I feel over the years I've divulged a lot of personal information about my past with music of a somewhat embarrassing nature. I believe what I'm about to admit far surpasses all previous embarrassment. You ready? Okay, here goes: This is the first version of this song that I ever heard. Oh, god. And I didn't much care for itor didn't much pay any real attention to it, anyhowas you might imagine. I don't judge myself too harshly because I was only 8 when the original track was released. I was 10 or 11 when this version rolled around and pretty much didn't realize that the album this was on was nearly, if not completely, all covers. By the time I was 12 or 13, I'd heard the original and made the connection and most likely played it all cool like I was always in the know. But really? No one else around me knew either version, so I think I won that round.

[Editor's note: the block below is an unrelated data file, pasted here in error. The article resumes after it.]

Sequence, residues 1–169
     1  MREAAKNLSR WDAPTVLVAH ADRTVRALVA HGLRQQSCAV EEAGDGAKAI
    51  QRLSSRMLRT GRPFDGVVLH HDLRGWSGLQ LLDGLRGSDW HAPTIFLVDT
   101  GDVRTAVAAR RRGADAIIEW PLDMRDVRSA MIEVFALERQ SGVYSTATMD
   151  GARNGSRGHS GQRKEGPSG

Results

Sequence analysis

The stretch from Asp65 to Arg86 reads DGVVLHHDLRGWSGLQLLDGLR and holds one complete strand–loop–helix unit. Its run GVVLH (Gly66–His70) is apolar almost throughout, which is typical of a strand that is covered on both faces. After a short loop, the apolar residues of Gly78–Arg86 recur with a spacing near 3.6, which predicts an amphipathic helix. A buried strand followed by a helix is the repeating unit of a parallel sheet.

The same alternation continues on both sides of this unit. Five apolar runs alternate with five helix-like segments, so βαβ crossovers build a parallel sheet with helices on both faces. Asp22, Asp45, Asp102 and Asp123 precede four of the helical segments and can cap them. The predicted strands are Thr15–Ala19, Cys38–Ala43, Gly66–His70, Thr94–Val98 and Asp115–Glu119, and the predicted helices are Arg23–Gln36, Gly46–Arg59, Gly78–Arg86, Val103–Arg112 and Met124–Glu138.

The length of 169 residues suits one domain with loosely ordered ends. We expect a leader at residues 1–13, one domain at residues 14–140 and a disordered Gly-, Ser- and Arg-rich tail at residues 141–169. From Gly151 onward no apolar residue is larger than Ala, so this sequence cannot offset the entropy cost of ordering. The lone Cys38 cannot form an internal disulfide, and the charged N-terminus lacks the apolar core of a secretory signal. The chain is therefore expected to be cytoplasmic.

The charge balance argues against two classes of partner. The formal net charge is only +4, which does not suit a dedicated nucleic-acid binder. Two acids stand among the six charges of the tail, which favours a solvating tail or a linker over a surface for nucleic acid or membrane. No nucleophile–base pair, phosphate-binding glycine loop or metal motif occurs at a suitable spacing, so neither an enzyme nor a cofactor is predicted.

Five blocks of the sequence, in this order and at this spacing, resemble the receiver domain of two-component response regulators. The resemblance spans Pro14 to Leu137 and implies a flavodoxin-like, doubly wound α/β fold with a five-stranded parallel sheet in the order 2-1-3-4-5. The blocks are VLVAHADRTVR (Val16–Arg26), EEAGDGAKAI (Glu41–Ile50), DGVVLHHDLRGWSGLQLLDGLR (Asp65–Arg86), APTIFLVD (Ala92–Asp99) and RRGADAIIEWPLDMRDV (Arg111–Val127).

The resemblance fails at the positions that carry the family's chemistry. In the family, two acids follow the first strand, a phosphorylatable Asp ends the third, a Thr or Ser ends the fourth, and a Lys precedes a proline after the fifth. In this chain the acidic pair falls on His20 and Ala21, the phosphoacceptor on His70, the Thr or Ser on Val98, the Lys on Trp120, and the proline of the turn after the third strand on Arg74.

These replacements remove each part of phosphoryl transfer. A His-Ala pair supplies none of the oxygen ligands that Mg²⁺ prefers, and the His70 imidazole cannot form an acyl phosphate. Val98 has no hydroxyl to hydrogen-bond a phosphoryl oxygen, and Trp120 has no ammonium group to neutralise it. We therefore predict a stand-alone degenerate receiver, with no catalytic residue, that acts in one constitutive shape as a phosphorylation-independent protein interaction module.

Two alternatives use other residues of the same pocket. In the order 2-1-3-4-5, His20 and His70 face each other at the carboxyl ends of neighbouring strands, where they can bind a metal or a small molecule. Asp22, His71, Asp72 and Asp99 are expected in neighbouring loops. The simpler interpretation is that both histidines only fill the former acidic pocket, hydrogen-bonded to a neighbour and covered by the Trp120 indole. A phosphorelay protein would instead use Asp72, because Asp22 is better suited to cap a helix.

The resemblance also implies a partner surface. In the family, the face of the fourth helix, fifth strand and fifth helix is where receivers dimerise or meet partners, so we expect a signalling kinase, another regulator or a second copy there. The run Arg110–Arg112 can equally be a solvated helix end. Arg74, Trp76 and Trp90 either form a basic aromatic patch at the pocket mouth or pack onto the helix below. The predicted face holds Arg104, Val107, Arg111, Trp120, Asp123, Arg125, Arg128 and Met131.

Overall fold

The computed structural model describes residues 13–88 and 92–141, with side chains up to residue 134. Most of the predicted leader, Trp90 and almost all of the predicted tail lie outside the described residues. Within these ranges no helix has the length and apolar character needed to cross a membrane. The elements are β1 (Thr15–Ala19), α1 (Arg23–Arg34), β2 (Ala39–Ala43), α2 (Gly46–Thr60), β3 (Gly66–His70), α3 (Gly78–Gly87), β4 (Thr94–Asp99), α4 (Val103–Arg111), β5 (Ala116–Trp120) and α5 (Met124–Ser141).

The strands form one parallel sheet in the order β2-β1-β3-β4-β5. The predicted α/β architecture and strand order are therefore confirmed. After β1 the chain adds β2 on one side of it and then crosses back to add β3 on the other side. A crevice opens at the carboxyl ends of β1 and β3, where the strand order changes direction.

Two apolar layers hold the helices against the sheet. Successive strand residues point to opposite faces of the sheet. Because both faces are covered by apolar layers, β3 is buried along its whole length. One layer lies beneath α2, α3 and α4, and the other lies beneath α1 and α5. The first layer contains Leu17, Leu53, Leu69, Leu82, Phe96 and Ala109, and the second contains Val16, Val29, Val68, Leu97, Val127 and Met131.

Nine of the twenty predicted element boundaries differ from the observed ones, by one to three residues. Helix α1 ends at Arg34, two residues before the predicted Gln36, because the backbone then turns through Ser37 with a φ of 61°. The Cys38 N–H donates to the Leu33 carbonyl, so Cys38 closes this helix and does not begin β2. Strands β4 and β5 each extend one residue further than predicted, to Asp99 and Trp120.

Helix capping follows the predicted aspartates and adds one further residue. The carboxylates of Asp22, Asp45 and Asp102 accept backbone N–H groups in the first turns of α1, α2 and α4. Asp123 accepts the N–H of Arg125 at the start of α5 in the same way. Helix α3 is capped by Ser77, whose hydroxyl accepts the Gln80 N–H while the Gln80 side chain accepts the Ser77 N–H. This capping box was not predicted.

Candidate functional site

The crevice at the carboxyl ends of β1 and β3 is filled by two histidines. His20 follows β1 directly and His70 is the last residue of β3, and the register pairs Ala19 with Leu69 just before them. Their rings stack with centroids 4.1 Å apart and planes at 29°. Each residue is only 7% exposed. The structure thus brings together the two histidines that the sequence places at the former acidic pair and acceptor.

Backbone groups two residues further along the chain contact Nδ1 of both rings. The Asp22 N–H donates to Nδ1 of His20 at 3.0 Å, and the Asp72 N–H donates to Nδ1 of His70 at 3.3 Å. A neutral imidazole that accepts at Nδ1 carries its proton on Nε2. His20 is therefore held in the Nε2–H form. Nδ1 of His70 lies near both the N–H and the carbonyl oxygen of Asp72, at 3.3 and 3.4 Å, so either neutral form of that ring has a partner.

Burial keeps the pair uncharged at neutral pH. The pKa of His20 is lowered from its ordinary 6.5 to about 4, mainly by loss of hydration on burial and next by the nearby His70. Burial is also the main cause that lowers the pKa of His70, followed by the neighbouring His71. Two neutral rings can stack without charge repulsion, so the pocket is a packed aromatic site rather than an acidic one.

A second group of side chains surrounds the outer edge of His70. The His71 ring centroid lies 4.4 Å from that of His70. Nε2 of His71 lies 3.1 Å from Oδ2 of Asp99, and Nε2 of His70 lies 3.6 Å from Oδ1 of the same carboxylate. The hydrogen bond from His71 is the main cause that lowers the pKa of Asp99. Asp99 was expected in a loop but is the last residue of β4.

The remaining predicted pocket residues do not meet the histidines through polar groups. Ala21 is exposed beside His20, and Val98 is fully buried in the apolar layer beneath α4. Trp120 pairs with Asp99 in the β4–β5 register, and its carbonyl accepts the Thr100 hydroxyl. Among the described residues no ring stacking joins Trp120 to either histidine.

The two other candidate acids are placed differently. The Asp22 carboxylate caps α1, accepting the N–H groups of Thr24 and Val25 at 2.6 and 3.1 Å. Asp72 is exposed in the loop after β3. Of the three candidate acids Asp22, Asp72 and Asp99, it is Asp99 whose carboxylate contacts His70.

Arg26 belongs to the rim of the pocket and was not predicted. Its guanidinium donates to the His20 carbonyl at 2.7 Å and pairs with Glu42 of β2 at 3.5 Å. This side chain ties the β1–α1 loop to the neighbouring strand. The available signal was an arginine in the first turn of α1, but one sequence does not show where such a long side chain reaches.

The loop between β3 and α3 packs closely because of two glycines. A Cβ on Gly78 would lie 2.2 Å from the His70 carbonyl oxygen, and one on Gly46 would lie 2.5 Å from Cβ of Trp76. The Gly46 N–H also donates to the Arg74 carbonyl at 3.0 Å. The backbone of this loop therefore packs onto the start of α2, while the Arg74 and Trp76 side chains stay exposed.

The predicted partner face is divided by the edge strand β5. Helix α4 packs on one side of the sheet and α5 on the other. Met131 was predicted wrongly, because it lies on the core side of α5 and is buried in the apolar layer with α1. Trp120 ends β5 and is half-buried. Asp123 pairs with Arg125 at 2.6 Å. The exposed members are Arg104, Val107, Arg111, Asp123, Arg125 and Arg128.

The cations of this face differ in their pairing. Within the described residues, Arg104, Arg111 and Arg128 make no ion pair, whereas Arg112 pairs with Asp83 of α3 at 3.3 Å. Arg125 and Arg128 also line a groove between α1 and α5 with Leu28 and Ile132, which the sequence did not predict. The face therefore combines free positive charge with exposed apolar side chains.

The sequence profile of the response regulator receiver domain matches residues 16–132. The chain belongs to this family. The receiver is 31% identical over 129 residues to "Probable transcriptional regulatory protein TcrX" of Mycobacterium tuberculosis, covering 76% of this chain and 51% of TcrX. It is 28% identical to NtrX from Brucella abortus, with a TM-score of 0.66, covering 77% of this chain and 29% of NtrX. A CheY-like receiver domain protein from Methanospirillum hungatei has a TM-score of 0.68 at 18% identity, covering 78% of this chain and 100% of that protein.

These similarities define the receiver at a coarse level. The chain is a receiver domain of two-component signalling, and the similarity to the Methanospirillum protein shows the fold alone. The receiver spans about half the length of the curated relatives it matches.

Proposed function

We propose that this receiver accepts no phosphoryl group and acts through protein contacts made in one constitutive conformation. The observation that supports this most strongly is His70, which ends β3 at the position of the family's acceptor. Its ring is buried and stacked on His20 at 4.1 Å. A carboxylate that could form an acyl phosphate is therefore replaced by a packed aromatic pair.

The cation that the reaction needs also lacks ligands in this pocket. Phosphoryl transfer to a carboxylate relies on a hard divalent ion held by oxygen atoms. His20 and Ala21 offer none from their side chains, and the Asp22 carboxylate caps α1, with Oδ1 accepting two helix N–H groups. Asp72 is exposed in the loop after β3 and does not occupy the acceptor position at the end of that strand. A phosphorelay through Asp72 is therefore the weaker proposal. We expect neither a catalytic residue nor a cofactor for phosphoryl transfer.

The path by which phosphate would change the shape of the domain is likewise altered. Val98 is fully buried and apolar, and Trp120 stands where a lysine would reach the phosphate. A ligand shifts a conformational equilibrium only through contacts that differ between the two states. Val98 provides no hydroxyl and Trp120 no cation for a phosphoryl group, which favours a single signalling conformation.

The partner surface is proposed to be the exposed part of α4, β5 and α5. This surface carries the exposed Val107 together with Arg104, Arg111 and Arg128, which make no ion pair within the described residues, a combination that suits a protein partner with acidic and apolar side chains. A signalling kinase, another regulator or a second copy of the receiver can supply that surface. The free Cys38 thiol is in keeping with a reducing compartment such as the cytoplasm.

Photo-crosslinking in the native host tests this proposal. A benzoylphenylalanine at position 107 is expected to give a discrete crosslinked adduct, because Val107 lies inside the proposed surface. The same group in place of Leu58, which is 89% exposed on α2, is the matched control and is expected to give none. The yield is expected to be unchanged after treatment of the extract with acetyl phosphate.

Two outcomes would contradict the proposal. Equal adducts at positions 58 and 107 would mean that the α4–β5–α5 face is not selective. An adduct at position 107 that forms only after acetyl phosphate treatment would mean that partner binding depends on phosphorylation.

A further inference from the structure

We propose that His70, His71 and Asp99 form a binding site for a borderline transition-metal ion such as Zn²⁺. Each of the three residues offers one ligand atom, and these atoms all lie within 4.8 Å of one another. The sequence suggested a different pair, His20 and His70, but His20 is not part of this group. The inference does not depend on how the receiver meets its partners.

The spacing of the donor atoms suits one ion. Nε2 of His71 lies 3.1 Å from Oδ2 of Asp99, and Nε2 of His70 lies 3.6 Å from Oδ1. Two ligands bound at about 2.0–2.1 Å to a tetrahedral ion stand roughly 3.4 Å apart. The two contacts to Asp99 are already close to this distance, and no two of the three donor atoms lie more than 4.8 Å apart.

Let's just say the last thing I expected upon purchasing two Tim Curry records was a reggae version of anything, let alone a Beatles ballad.
I'd totally forgotten about the Robert Palmer version of this song, which (again) might have been the first version I heard. It's difficult to say. Regardless, it's not really different enough a version to warrant a cover only a year after the release of the original. Whatever.
I already have a digital copy of this mildly horrifying (yet strangely soothing) album, but how could I turn down the prospect of owning a 12x12 photograph that includes a cameltoe in the clouds? Again, I'm only human, you know?
Oh, the freaky things you can learn about songs on Wikipedia. For instance, the Japanese version of this song is used in weddingsdespite the fact that it's a song about loneliness, despair and (some would say, depending on which version you hear) abortionpossibly as a warning to those who choose not to marry. Yikes! conversely, I plan to reclaim my spinster power via irony by singing a rousing and prideful version of this the next time I'm at a karaoke bar.